Protocol Works for Narcotic Bowel Syndrome

By Kirn, Timothy F. | Clinical Psychiatry News, March 2008 | Go to article overview

Protocol Works for Narcotic Bowel Syndrome


Kirn, Timothy F., Clinical Psychiatry News


SALT LAKE CITY -- Narcotic bowel syndrome is a problem that physicians have been sweeping under the rug, and it may be growing in frequency, Dr. Douglas A. Drossman said at the annual meeting of the North American Society for Pediatric Gastroenterology, Hepatology, and Nutrition.

Physicians have ignored this syndrome, since many are loathe to undertake the arduous task of weaning their patients from narcotics, said Dr. Drossman, co-director of the University of North Carolina Center for Functional Gastrointestinal and Motility Disorders.

But this reluctance is not necessary, because patients can be helped to break the "vicious cycle," he said. There is a very effective protocol that can be used to withdraw patients from narcotics, using clonidine for the physical withdrawal symptoms and lorazepam for the anxiety, while switching them to an antidepressant for pain control.

This syndrome was first noted and described in the 1980s, but very little has been written about it, Dr. Drossman said. Since the 1980s, almost nothing has been published on the topic until recently, when Dr. Drossman and his colleagues Dr. David Grunkemeier, Dr. Joseph Cassara, and Ms. Christine Dalton published a paper (Clin. Gastroenterol. Hepatol. 2007;5:1126-39).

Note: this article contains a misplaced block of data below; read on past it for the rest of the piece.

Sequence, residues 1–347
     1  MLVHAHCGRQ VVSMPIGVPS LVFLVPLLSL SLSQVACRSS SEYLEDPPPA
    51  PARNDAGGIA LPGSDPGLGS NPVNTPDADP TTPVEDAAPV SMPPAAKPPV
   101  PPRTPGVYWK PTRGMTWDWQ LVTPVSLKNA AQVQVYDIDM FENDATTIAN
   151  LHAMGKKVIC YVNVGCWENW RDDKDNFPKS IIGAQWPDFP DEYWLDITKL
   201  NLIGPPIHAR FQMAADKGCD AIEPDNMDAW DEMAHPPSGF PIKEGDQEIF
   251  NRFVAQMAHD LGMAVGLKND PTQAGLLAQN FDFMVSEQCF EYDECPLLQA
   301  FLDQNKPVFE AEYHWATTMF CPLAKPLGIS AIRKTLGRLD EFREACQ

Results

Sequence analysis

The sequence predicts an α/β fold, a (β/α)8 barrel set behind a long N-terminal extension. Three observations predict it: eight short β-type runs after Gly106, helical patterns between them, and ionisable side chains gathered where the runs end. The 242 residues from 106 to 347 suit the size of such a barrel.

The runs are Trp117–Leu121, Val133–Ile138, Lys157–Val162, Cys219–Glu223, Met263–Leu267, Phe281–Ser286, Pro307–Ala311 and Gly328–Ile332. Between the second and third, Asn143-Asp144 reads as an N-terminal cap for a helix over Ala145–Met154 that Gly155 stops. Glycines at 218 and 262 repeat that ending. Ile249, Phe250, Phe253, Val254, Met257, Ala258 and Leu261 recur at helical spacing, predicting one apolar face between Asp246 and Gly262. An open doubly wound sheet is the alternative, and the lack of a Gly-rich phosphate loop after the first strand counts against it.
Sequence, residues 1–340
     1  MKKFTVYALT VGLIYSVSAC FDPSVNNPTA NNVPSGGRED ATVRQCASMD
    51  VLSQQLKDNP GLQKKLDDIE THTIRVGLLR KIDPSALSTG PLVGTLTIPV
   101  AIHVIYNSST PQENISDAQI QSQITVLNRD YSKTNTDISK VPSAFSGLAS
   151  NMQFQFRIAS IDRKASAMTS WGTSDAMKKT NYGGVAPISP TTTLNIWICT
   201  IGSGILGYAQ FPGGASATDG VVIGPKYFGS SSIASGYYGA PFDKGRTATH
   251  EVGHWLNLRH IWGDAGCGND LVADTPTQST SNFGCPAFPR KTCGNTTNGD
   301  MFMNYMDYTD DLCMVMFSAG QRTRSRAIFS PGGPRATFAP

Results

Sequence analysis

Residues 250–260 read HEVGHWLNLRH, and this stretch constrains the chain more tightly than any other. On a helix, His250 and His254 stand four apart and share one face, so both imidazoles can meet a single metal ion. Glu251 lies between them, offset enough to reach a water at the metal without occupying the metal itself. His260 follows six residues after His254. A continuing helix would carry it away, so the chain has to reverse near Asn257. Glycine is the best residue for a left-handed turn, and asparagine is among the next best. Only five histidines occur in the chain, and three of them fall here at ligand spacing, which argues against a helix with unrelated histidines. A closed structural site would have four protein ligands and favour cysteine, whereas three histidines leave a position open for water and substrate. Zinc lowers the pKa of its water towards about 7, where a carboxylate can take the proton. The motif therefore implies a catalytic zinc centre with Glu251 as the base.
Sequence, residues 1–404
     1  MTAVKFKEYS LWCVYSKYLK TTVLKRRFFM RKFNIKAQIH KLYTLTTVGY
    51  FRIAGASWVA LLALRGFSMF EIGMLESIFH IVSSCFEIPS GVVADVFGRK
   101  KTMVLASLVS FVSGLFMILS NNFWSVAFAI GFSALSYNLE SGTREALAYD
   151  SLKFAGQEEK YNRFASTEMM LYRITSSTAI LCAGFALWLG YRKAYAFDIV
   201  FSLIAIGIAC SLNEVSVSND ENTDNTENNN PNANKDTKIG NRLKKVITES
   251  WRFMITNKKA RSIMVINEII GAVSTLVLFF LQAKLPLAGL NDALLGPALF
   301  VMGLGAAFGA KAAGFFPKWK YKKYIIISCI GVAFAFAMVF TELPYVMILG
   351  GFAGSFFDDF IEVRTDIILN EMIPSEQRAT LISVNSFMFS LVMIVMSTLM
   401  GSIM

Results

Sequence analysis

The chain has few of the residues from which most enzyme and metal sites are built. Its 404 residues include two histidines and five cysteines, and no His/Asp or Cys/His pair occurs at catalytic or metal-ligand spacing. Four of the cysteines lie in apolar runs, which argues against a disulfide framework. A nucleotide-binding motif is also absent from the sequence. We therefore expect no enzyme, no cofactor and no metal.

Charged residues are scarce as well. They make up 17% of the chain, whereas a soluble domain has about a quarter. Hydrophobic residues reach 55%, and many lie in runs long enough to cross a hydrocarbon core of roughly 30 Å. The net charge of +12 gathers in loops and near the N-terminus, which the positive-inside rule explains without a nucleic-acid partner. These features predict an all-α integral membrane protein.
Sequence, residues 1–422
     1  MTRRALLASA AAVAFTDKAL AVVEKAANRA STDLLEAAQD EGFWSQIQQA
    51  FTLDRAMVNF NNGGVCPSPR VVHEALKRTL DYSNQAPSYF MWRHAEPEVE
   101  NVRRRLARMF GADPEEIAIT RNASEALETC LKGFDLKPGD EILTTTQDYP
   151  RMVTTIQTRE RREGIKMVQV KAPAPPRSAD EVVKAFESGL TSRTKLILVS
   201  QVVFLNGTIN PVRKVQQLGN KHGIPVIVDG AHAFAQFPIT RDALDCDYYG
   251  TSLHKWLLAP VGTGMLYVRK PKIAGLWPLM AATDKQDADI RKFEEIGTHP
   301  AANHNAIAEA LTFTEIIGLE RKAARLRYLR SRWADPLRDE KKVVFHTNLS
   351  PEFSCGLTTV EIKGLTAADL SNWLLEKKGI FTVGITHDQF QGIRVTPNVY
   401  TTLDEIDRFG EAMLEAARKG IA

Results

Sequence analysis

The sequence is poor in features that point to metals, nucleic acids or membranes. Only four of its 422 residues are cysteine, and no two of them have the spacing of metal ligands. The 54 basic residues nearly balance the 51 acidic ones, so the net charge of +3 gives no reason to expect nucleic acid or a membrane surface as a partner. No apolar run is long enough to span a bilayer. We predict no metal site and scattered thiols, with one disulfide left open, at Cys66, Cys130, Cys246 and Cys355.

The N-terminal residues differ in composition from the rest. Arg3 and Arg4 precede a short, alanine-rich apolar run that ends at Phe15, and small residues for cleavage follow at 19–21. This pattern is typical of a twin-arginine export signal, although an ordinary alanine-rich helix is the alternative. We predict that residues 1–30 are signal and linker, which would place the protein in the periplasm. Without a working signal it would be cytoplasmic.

He has seen at least 100 patients with narcotic bowel syndrome in his clinic.

Typically, the patient with narcotic bowel syndrome was started on an opiate because of a functional bowel disorder, or after surgery, or even for an acute painful condition. The patient then developed chronic or intermittent colicky abdominal pain, often due to delayed motility.

At first, the narcotic helps this pain, but over time tachyphylaxis and hyperalgesia set in, rendering the narcotic less and less effective and making the patient dependent on ever-escalating doses.

Dr. Drossman likened the situation to using alcohol to treat a patient with delirium tremens. The alcohol relieves the acute symptoms, but it also perpetuates the cycle.

Dr. Drossman, a gastroenterologist who is trained in psychosomatic medicine, said narcotic bowel syndrome often gets pushed to the background. …

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